Great Spangled Fritillary

Great spangled fritillary butterfly photographed by Jeffrey Zablow at Raccoon Creek State Park, PA

June 23 at Raccoon Creek State Park in southwestern Pennsylvania. Hmm. Sitting here in mid-November, would I so like to hop into my Tundra tomorrow morning and drive to see this female Speyeria cybele as she purposefully moves from one Common milkweed or Asclepias syriaca flower to the next. There are many bloggers and Facebook contributors urging us to plant Asclepias in our gardens and lots. This is an excellent initiative. Milkweeds support so, so many butterfly populations. After much time in the field, you are always watchful when you approach a stand of Common milkweed. Why? Because they are a beacon that draws all types of butterflies . . . you never know when a tortoiseshell or a hairstreak or who knows what will fly into those sweetly aromatic blossoms.

Great spangleds are such inspirational  butterflies. You encounter them on trails at the forest edge, in the morning fleeing from the trail edge when you approach. That adrenaline rush, yours!, is a good wake me up! when you reach your photo opp destination. Weeks later you see some of them again, worn, tattered with significant wing damage, but . . . still flying, with their mission apparently still unsettled . . .

Now on the subject of seeking objectives yet unaccomplished, today I completed my second read of Robert Michael Pyle’s Mariposa Road. I enjoyed it as much as I did the first read. No kidding. Pyle’s Big year effort reignited my thinking and I may well shoot for the stars in 2014. Travel. Travel to photograph butterflies that are eye tantalizing and found in very reduced habitat. Of course I don’t merit the large following that Pyle does, but I do have a Big wind to my back . . . the almost overwhelming joy I experience when I find and photograph new butterflies. Then, when I score good to excellent images . . . Kappow!

Tomorrow I open a 1955 book noted several times by Pyle, Roger Tory Peterson and James Fisher’s Wild America (Houghton Mifflin, 1955). OMG! What must it have been like, going to undeveloped, unscrewed-up wilderness in the U.S. in the 1950’s. I occasionally find myself trying to imagine Pennsylvania in the early, mid- and late 1800’s. Cougar in the county in which I live. No way!

A little more than 7 months until Great spangled frits fly again in my county, Allegheny. Regals? Diana’s? Yum yum yum yum! as they say . . .

Jeff

Mourning Cloak Butterfly

Mourning Cloak Butterfly photographed by Jeffrey Zablow in Toronto Canada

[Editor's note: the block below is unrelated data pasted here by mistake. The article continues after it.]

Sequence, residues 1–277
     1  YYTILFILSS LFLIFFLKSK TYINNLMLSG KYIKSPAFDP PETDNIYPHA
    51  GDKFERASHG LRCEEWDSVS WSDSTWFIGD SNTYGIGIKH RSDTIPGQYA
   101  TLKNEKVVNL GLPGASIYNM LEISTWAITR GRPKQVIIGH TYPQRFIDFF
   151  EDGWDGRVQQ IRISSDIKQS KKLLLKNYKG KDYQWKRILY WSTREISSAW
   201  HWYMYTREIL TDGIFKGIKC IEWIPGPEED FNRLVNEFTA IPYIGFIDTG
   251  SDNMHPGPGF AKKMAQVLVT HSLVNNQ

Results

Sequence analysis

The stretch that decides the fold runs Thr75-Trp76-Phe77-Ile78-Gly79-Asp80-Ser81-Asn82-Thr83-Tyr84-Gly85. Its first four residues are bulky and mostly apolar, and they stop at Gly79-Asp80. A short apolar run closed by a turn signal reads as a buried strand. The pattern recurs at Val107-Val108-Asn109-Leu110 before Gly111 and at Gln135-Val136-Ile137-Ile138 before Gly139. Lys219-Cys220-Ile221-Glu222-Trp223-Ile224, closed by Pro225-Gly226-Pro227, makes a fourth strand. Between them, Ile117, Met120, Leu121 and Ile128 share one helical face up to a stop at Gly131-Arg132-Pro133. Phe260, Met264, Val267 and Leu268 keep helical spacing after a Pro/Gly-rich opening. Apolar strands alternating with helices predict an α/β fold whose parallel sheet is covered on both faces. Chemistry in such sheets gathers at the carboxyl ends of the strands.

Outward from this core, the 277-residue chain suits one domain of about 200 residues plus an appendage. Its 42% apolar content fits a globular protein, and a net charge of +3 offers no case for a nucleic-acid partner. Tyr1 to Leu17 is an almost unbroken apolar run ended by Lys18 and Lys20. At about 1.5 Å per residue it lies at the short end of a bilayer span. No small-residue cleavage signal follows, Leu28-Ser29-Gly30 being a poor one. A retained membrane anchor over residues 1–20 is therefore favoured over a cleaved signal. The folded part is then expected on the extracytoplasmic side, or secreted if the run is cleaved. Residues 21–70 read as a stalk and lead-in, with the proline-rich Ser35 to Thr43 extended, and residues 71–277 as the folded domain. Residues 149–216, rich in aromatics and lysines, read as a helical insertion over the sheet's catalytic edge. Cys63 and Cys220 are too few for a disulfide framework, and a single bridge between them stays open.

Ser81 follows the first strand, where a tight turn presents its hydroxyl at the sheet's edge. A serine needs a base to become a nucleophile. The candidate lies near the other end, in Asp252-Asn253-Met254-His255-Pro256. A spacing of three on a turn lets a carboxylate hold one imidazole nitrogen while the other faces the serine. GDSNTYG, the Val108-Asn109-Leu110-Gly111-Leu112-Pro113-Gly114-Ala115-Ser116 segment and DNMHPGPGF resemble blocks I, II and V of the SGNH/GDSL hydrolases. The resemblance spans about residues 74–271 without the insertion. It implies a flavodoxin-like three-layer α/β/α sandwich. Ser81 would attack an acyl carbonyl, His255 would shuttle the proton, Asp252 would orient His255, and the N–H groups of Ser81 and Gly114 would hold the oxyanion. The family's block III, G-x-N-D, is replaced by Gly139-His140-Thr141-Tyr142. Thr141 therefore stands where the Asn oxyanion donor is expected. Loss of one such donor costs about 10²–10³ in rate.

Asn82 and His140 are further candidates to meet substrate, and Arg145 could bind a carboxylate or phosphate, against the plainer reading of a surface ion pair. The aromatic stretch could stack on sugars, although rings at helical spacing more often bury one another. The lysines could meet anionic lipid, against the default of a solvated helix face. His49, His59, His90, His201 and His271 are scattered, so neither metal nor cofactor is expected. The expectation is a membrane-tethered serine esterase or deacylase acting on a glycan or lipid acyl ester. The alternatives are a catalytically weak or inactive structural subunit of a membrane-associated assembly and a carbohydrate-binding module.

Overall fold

Toronto, Canada. I was visiting Toronto which is clean, welcoming and beautiful. Along with my wide angle lens, I often bring along my Macro- lens on trips which include photography. I try to keep my Canon camera as busy as possible, and I ask around if there are any nearby parks in the city, parks that might host a population of butterflies. Yes, I was told, why don’t you drive to West Don Park? It is an easy 10 minute drive from my hosts. I was blessed with light traffic and courteous drivers. My Pennsylvania license plates provided me with quite a bit of latitude once it was noted that I was a visitor.

West Don Park? Bingo! A gold mine of butterflies that particular week in mid-July.

In Western Pennsylvania I encounter Nymphalis Antiopa infrequently in the spring and even less often in the fall months. Often, the individual butterflies I see are worn and show evidence of failed attacks from predators. This morning in West Don was sunny, no wind and milkweed (Asclepias Syriaca) was in bloom. Three Mourning Cloak butterflies were eating nectar on a single milkweed plant. OMG! Back home I rarely see them nectaring, and those that I do approach, flee once I am within ten feet. Nymphalis Antiopa in Toronto allowed me to approach and photograph from just 18 inches away, and they were sizable butterflies. My heart must have been pounding! I was in a heaven of Mourning Cloak butterflies.

These butterflies had fresh colors and an absence of  significant wing damage. Their colors were a rich, rich maroon; carribean islands blue, and sunflower yellow. This image captures many of those striking hues.

Is this a candidate for being my favorite butterfly? I answer with a sheepish y-e-s. Our two earlier Mourning cloak posts do hint at my little secret.

Canada is the wildlife wonder that I long understood you to be. Mourning Cloaks photographed while eating nectar. Can you imagine?

August will soon be upon us. Can our Canadian followers suggest a suitable park, with a rich butterfly population, that is within driving distance of Pittsburgh, Pa?  Toronto was a 6.5 hours drive.

Jeff

Red-Spotted Purple Butterfly

Red-spotted purple Butterfly photographed by Jeffrey Zablow in Eastern Neck National Wildlife refuge, MD

What say you? Is she not breath-taking? It’s mid-morning in August, at the Eastern Neck National Wildlife Refuge. Two hours from Washington, DC and eye-pleasing no matter in which direction we turn.

The butterfly’s orange-red markings near the forewing apex signal that she’s a looker. The camera lens registers her beauty and provides her the same extra something that it does for top models.

Limenitis arthemis astyanax in Pennsylvania spend most of their time on the ground, nectaring sparingly. Those here on the Delmarva Peninsula behave differently each morning, flying early in the morning and spending a great deal of time working the perrenial flower beds of the Butterfly Garden.  Interesting.

Again, the absence of significant wing damage in these National Wildlife Refuge butterflies was difficult to dismiss. Why were they so free of evidence of having barely escaped predators?

The mornng was a pleasant temperature. There was no wind. The sky was blue. The raptors occassionally flew overhead, Dave was working the Butterfly Garden and the butterflies were for want of a better word? Beauties.

Jeff